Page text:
The Animism of the Israeli-Palestinian Conflict

python

To suggest that the current conflict in Gaza and Israel between Palestinians and Israelis is related in any way to animism would seem not only highly unlikely but even preposterous. How could an ancient religion like animism, with its many gods embedded within objects like the sun, moon or storms, let alone rituals conducted by shamans, have any connection or causal relationship to the latest and most horrific round of bloodletting between these two peoples, both of whom adhere to monotheistic faiths?

However, what cannot be denied is that the current conflict, for all its many complexities, does have a clear connection to religion.  Further, as international economist Dr. Rodrigue Tremblay has noted, “The worst and everlasting human conflicts seem to be those that are fought within the context of a religious war.” Granted this, the question remains what is the connection between the polytheistic religion of animism and the current conflict in the Middle East or, for that matter, the many minor and major conflicts throughout the world that have a religious component?

To understand this connection, it is necessary to reflect on what is now considered to be one of the oldest expressions of the religious impulse. The illustration at the beginning of this article depicts a python snake carved into the entrance of a cave. It belongs to the San tribe who even now inhabit the Kalahari desert in north-western Botswana. The San have a creation myth according to which mankind descended from a python. They believe the ancient, arid streambeds around the Tsodilo hills, the only peaks in the desert, were created by a python as it circled the hills in its ceaseless search for water. In the otherwise dry Kalahari desert nothing could be more important than the ritual worship of the python in order to ensure a plentiful water supply for the tribe. The ritual worship taking place in the cave is believed to have consisted of burning perfectly formed arrow heads as a sacrifice to the python deity.  The arrowheads excavated in the cave were dated to as far back as 70,000 years ago.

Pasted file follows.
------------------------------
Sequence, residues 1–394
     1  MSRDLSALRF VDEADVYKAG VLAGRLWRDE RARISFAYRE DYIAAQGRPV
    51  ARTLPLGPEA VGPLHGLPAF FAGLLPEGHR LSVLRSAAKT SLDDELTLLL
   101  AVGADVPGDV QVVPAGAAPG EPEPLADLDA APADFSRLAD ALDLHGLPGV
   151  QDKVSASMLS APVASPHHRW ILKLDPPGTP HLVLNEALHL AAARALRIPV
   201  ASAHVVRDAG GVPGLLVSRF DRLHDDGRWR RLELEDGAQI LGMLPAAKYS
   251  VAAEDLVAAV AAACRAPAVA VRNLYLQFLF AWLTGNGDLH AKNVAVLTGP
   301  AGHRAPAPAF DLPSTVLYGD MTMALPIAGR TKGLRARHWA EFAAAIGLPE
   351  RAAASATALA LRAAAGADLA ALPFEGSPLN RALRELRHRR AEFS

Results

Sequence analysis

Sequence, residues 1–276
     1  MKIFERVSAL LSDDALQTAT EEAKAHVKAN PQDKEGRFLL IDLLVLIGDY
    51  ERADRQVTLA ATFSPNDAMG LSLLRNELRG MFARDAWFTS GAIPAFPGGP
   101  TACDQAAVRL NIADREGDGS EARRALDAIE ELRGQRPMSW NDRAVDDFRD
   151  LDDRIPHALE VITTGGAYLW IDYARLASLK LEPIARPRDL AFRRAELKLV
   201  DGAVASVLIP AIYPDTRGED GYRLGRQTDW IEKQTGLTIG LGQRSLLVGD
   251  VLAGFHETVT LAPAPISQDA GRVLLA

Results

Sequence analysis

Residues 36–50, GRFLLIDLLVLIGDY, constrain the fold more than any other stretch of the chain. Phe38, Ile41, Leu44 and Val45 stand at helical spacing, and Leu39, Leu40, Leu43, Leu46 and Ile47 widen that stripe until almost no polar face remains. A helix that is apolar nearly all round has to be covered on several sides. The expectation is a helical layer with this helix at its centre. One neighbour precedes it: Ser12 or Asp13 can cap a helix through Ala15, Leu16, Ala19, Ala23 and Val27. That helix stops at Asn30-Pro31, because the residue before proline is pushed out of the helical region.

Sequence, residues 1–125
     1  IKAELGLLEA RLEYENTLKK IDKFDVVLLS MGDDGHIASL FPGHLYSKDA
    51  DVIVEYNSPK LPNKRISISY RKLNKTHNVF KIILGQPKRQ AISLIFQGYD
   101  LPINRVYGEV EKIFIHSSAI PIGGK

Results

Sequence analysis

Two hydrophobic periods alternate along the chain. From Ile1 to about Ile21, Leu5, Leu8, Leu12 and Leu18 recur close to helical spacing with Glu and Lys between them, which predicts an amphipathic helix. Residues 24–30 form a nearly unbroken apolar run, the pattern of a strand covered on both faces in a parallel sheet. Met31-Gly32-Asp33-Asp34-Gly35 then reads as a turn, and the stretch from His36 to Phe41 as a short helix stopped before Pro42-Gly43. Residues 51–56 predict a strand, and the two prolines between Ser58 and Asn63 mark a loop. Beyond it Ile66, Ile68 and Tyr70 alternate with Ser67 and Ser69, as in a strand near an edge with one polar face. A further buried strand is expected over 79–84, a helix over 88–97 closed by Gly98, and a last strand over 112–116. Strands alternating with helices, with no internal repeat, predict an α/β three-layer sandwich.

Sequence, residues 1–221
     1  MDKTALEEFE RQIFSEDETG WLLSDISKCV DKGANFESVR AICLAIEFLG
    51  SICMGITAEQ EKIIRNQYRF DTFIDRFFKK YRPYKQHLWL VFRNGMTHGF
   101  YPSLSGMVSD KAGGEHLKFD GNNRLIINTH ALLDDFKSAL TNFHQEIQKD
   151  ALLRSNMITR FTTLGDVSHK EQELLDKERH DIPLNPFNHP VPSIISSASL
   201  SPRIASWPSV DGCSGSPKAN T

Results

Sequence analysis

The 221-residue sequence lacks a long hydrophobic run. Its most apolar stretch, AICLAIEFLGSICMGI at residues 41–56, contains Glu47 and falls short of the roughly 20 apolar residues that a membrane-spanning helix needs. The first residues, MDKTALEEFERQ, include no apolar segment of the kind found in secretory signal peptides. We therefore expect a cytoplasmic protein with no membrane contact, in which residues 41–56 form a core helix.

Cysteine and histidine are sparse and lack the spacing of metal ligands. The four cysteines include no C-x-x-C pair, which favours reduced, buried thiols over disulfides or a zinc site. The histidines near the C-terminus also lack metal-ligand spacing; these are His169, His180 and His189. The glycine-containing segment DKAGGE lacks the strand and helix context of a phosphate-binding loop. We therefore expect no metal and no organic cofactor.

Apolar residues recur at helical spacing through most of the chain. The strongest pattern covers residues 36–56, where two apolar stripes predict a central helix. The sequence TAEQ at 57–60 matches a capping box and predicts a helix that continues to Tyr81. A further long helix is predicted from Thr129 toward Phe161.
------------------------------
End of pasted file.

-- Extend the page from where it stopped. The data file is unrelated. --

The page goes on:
While readers may find this interesting, what does it have to do with the Israeli-Palestinian conflict? The critical connection comes from the fact that the rituals, and the benefits derived therefrom in the form of water, were directed toward the well-being of the entire tribe rather than the individual tribal member. By comparison, contemporary religion appears to be a matter of individual choice, with the benefits of faith accruing to the individual believer and only secondarily to the community if at all.